In a recent post, I discussed the drug Xarelto (chemically known as rivaroxaban) and the competition this product is running to Boehringer-Ingelheim’s (BI) flagship product, Pradaxa (dabigatran). The introduction of Xarelto in the U.K., a product produced by Bayer and in the U.S. by our old friends at Johnson and Johnson (J&J), forced BI to cut its prices in order to compete.
It’s less of an issue in the U.S., which, despite the reforms of the Affordable Care Act, has a dysfunctional health care system that continues to be held hostage by the profit motive. Despite the risks of fatal hemorrhaging, Pradaxa continues to be favored by many doctors because it’s much easier to use. Unlike the old standby Coumadin (warfarin), Pradaxa has far fewer interactions. Admittedly, this is a concern with elderly patients who often take many different medications (it’s rather like trying to arrange seating at a banquet in which no two people who have differing religious beliefs, dietary preferences, eye color, hair color, ethnic origins, sexual inclinations, gender, educational history and occupation are seated together).
In the U.S., Xarelto has not been approved for use in preventing clots in the same way as Pradaxa. Specifically, Xarelto is approved for patients who run the risk of developing clots as the result of joint surgery or because of arrhythmia (irregular heart beat) – not because of a heart valve defect, which is what Pradaxa is prescribed for. Therefore, in the U.S., Xarelto has not been a direct competitor of Pradaxa.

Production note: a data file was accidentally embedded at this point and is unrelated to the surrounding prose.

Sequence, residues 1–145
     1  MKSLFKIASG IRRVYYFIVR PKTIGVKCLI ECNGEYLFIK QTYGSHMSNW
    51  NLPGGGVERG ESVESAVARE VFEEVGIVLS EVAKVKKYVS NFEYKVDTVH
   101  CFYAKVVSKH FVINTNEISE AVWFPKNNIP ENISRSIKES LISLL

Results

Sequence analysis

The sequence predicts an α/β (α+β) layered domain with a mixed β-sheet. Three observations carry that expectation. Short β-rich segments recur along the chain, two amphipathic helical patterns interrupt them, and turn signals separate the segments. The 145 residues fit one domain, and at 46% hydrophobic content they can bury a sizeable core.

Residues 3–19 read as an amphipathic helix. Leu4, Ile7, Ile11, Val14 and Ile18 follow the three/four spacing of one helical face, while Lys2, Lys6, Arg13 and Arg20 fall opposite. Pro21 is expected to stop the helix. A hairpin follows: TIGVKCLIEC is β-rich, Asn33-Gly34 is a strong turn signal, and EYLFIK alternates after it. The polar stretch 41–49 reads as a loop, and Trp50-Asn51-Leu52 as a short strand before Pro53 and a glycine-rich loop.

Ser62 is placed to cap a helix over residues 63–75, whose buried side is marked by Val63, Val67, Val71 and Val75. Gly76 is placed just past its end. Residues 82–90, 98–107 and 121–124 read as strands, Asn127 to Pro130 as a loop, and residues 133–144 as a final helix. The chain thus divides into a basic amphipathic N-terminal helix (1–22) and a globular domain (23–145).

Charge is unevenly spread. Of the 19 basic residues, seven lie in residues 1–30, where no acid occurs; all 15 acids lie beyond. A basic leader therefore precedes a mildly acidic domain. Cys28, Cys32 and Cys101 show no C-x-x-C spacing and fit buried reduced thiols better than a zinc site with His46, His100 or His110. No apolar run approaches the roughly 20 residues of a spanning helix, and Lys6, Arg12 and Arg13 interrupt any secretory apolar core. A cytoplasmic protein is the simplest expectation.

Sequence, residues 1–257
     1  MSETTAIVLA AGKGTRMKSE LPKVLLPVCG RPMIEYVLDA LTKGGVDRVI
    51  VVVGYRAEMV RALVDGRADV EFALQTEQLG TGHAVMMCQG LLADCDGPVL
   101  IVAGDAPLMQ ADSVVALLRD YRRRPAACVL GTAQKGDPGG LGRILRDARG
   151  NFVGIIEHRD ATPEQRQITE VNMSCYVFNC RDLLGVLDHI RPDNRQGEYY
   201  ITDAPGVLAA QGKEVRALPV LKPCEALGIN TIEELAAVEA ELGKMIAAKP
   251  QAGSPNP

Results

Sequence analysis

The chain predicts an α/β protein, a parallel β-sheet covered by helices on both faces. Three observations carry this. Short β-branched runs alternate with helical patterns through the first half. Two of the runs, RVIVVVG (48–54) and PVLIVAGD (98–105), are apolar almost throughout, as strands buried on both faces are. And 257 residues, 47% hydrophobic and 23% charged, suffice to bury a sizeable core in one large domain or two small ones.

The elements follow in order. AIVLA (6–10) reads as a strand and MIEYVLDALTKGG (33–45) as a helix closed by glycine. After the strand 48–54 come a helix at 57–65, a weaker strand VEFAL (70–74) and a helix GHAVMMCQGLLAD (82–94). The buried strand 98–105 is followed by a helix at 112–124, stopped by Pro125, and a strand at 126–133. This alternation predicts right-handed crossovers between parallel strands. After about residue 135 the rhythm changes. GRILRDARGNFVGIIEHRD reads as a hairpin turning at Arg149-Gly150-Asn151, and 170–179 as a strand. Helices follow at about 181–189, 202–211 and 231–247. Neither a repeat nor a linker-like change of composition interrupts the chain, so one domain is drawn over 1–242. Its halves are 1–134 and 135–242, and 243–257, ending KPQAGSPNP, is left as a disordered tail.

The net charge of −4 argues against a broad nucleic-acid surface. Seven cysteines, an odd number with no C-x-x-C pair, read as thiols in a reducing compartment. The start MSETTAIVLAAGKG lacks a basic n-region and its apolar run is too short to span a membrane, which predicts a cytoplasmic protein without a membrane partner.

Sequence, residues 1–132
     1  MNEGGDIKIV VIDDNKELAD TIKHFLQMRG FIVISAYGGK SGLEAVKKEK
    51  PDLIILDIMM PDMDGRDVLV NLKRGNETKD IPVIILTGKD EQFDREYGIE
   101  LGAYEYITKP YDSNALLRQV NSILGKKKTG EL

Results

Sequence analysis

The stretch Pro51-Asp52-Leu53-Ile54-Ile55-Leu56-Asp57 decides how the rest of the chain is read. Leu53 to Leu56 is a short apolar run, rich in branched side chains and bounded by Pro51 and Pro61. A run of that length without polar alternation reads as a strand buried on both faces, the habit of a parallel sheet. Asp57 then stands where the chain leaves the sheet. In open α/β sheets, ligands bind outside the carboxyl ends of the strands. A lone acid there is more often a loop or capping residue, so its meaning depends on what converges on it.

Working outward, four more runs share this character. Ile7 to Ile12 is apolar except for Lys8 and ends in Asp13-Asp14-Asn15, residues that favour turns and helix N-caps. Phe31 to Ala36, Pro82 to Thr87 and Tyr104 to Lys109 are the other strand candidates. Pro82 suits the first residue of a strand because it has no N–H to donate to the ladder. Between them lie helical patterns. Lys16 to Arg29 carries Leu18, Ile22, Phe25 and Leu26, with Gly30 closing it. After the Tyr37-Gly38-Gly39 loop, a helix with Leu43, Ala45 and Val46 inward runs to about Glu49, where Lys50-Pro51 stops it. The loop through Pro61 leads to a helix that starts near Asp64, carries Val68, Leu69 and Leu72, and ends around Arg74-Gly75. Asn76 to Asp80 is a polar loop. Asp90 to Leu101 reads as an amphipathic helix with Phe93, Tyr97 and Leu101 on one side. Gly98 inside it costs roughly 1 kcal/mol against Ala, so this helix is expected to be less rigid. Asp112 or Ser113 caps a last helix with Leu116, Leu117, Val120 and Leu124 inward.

J&J is seeking to change that. They have already sought approval to market Xarelto to patients with heart valve issues. The FDA denied that application in June on the grounds that more information was necessary. Recently, J&J has submitted the application a second time. The new application is based on the results of a study, involving over 15,000 subjects, which demonstrates that Xarelto, adminstered in combination with low-dose aspirin and a second drug, could reduce the risk of cardiac events due to heart valve problems by up to 33%.
This would put Xarelto in direct competition with Pradaxa – and with costs to patients or their insurers running $250-$260 a month, both drugs are very profitable (compare this with the cost of Coumadin, which is approximately $10 a month – though the frequent monitoring required can add as much as $100 to that figure).
One of the problems with Xarelto – and the reason J&J’s first application was rejected by the FDA – is that potential side effects are unknown.
There is something else that’s making the CEOs of BI, Bayer and J&J sweat a little, and that’s the impending approval of a new drug called Eliquis (chemically known as apixaban). This drug, manufactured by Bristol-Meyer Squibb and Pfizer, is already available in Europe, but has not yet been approved in the U.S. That approval may be coming, however; according to medical experts, Eliquis may be more effective and less risky, partially because it is eliminated through the liver, not the kidney – and therefore may be a better choice for geriatric patients who frequently have kidney issues.
As you might expect, the marketing departments at BI, Bayer and J&J are all scrambling to get as many patients on Pradaxa and Xarelto in order to lock in their profits before Eliquis arrives to cut into their precious market share…